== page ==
UK Government's nature targets branded 'weak and unambitious'
Six months on from the Environment Act being passed by the UK Government, the Wildlife Trusts have issued a rallying cry to ensure that its targets are as ambitious as possible.
The Environment Act is the first dedicated environmental legislation for nearly 30 years and the first time England has set legally binding targets for nature's recovery.
However, the long-term target currently being proposed for nature's recovery aims to have just 10% more nature in 2042 than 2030 levels – by which time the state of our natural world is expected to have declined even further. In theory, this could mean that wildlife is less abundant in 2042 than it is now after another decade of decline.
Habitats across the UK continue to degrade and the wildlife they support is still declining (Mark Hamblin / 2020VISION).
The UK is one of the most nature-depleted countries in the world, with 41% of species in decline and 15% at risk of extinction. Habitat has disappeared rapidly over recent decades alongside the intensification of agriculture, with 97% of lowland meadows and 80% of heathlands having disappeared.
The Wildlife Trusts said in a statement that the new target that the UK Government has proposed is "too weak and unambitious".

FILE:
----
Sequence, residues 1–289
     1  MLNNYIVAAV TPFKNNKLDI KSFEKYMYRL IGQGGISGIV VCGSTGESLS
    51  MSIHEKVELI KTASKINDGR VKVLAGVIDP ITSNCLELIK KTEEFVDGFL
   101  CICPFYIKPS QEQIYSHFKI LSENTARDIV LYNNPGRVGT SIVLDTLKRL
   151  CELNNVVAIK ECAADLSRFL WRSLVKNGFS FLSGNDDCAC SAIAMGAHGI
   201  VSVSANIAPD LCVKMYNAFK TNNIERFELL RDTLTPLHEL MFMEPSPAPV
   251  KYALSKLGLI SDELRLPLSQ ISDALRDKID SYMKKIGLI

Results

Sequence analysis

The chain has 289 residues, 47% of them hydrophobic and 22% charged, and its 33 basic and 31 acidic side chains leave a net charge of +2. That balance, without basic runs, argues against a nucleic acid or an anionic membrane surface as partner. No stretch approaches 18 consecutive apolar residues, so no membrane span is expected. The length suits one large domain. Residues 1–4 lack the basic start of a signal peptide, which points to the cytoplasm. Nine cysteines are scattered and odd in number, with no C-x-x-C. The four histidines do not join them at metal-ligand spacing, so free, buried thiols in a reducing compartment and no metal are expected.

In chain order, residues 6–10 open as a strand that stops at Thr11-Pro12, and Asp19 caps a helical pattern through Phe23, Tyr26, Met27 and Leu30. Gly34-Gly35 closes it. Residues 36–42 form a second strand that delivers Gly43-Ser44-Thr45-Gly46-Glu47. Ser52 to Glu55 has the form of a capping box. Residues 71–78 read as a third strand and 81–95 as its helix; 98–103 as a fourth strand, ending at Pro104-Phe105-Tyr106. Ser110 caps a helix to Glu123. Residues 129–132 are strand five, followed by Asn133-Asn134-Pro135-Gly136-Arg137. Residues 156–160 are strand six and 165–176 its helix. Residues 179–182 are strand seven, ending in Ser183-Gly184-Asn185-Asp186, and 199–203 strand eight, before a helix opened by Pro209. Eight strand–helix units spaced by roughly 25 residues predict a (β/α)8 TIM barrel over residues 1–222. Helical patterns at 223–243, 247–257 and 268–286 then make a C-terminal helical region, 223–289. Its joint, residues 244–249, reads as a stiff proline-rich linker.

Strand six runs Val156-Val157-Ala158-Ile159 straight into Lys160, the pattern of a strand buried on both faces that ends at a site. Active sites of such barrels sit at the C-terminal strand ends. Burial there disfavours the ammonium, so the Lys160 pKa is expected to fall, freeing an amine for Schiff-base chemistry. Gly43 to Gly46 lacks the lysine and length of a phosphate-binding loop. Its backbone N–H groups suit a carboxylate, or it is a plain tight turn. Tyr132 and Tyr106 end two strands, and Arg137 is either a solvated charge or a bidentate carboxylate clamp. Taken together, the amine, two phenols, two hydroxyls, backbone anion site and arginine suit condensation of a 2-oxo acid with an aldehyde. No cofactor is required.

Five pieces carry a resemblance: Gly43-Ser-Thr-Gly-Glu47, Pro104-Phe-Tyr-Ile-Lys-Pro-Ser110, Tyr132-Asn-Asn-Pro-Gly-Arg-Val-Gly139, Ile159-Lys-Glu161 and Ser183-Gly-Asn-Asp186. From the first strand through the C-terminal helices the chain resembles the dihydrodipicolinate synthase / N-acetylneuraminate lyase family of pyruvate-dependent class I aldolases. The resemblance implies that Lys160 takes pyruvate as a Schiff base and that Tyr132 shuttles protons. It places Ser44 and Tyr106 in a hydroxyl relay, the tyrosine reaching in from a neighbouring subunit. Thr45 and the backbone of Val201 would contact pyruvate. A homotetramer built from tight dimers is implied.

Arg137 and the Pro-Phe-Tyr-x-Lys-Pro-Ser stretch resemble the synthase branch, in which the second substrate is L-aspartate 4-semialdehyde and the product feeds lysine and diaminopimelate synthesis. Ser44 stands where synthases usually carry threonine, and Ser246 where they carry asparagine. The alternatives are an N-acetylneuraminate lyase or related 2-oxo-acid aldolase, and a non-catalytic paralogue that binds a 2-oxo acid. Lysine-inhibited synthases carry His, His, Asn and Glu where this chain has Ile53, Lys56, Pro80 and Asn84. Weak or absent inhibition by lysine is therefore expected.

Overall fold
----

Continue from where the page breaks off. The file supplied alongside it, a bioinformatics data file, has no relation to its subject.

"The proposals in the Green Paper focus too much on simplifying process and entail extensive procedural change with little benefit for nature," the statement said. "This could lead to more litigation, greater costs, and weaker protection for nature."
It continued: "To halt nature's decline by 2030, the Green Paper should set out stronger protection for sites and species. All protected sites should be afforded greater protection from harm, including offsite and cumulative impacts, ruling out damaging activities and development. Furthermore, Defra should set out an expedited process for completing the protected site network."
The Wildlife Trusts recommended doubling the 10% more nature by 2042 compared to 2022 levels to a minimum of 20%, while also aiming to increase the proportion of Sites of Special Scientific Interest (SSSIs) in favourable condition across England from the current 38% to 75% by 2042. The organisation also said that plenty of work needs to be invested in cleaning Britain's waterways and that the UK Government should target for at least 75% of rivers, streams and other freshwater bodies to reach an overall "clean waters" status by 2042.
Read the Wildlife Trusts' Nature Recovery Green Paper and Environment Act target consultations in full here.
The Wildlife Trusts are asking the public to demand better for wildlife by signing their Nature Deserves Better petition.